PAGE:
Volunteer Mileage Reimbursement and Deduction

The Issue
Current law allows charities to reimburse volunteers, on a nontaxable basis only, up to the charitable mileage rate of 14 cents per mile. Alternatively, volunteers are permitted to deduct their “out of pocket” expenses incurred in providing donated services — when those expenses are not reimbursed.

The Internal Revenue Service (IRS) has the authority to regulate volunteer mileage rates for business and medical/moving purposes, but not for charitable activities. The charitable rate can only be adjusted through the legislative process, and has remained unchanged since 1997.

Latest News
President's budget would increase mileage rate

The President's budget for fiscal year 2017, released on February 9, 2016, would set the standard mileage rate for the charitable contribution deduction equal to the rate set by the IRS for purposes of the medical and moving expense deduction. For tax year 2016, the rate for medical and moving expenses is 19 cents per mile. It would likewise be adjusted annually to reflect the estimated variable costs of operating a vehicle.

The IRS on December 17, 2015 announced the standard mileage rates used to calculate the deductible costs of operating an automobile for business, medical/moving, and charitable purposes for 2016. The rates are:
  • 54 cents per mile for business miles driven; down from 57.5 cents in 2015
  • 19 cents per mile for medical/moving purposes; down from 23 cents in 2015
  • 14 cents per mile driven in service of charitable organizations (same as 2015, no legislative action taken to change it)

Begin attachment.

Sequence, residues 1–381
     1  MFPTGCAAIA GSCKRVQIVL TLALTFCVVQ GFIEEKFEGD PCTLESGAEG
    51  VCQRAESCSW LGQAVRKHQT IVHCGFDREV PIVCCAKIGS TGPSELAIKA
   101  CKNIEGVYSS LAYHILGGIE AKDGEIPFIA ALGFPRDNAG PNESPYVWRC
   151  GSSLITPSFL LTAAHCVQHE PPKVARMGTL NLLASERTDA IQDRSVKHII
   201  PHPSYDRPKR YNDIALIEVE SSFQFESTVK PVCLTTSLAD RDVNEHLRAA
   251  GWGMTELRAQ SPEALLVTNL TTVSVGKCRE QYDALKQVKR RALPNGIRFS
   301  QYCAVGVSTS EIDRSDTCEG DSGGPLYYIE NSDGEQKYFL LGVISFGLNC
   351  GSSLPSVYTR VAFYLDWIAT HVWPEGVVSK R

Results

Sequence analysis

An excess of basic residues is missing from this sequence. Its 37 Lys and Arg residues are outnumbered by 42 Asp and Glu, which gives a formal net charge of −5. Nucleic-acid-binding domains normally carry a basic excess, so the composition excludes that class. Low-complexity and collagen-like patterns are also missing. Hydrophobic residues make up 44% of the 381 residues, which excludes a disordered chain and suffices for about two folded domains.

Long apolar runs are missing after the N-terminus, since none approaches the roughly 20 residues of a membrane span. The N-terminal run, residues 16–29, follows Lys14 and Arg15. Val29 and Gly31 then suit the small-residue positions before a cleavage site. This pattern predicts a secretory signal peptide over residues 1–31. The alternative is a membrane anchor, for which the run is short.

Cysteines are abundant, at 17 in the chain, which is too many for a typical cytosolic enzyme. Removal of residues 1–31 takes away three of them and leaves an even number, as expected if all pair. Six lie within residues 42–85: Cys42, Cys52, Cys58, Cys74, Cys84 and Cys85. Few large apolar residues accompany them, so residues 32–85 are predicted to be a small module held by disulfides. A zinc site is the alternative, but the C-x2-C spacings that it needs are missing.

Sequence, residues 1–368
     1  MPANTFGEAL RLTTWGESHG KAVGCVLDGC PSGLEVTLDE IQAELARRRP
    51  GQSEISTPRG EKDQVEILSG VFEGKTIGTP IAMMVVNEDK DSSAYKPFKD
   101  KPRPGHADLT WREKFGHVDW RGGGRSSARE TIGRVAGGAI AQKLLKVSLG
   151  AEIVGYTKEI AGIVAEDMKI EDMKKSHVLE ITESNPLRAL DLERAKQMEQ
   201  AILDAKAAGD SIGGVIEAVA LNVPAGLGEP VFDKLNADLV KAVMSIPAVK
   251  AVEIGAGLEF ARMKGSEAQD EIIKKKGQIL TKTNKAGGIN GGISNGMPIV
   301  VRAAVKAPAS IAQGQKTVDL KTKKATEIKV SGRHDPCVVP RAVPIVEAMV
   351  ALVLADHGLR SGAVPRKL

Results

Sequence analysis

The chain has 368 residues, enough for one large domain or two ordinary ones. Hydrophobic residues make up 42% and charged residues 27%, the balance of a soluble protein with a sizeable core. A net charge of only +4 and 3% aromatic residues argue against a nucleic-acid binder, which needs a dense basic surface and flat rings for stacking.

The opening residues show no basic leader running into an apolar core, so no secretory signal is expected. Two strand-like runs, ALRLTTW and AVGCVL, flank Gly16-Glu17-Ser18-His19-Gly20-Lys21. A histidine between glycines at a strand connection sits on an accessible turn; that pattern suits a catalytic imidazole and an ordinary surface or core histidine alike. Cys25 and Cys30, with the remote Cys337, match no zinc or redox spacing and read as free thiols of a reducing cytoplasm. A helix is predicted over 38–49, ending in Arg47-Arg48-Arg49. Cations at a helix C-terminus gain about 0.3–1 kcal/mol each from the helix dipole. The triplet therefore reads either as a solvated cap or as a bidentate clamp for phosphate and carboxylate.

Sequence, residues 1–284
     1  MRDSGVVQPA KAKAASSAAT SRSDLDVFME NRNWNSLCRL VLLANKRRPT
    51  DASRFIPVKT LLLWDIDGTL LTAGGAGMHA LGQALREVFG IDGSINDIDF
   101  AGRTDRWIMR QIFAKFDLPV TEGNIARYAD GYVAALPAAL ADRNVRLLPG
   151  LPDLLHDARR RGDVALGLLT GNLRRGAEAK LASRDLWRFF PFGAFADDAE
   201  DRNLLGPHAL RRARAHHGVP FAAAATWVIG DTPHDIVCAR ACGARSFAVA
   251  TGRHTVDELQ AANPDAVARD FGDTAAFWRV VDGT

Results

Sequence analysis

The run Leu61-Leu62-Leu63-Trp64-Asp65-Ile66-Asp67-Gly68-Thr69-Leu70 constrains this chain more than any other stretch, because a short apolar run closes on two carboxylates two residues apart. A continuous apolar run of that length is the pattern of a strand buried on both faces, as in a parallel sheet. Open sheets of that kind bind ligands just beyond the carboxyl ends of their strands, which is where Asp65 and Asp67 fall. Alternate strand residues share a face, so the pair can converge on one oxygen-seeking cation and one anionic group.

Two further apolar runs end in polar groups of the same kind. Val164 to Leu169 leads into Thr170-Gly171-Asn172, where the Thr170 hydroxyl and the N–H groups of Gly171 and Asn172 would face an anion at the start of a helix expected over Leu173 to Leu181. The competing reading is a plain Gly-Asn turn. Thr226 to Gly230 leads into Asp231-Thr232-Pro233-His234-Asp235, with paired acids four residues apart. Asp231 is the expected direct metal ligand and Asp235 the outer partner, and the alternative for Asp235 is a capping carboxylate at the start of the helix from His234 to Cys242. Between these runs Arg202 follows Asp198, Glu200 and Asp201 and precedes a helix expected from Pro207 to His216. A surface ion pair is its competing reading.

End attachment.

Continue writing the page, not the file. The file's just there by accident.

Legislation from the 113th Congress
In March 2013, Sen. Tom Petri (R-WI) introduced the Charitable Driving Tax Relief Act (H.R. 1212) which allows volunteers for recognized nonprofits to exempt from their taxable income any reimbursements they have received for driving a passenger vehicle as part of their volunteer work. Reimbursement is deductible up to the level of for-profit mileage reimbursement, and can only be claimed by drivers working on a volunteer basis.

The proposed legislation is similar to previous legislation from Sen. Benjamin Cardin (D-MD), who introduced the Giving Incentives to Volunteers Everywhere (GIVE) Act in 2009, to address the inequities between the charitable rate and those for business and medical/moving purposes. The GIVE Act would have:

  1. Exempted from a volunteer’s taxable income any reimbursement by a charity for mileage up to the business rate;
  2. Given the Treasury Department authority to change the volunteer mileage deduction rate, which has been fixed in statute at 14 cents per mile since 1997; and
  3. Raised the volunteer mileage deduction immediately to the medical/moving rate and ensure it doesn't fall below that rate in the future.

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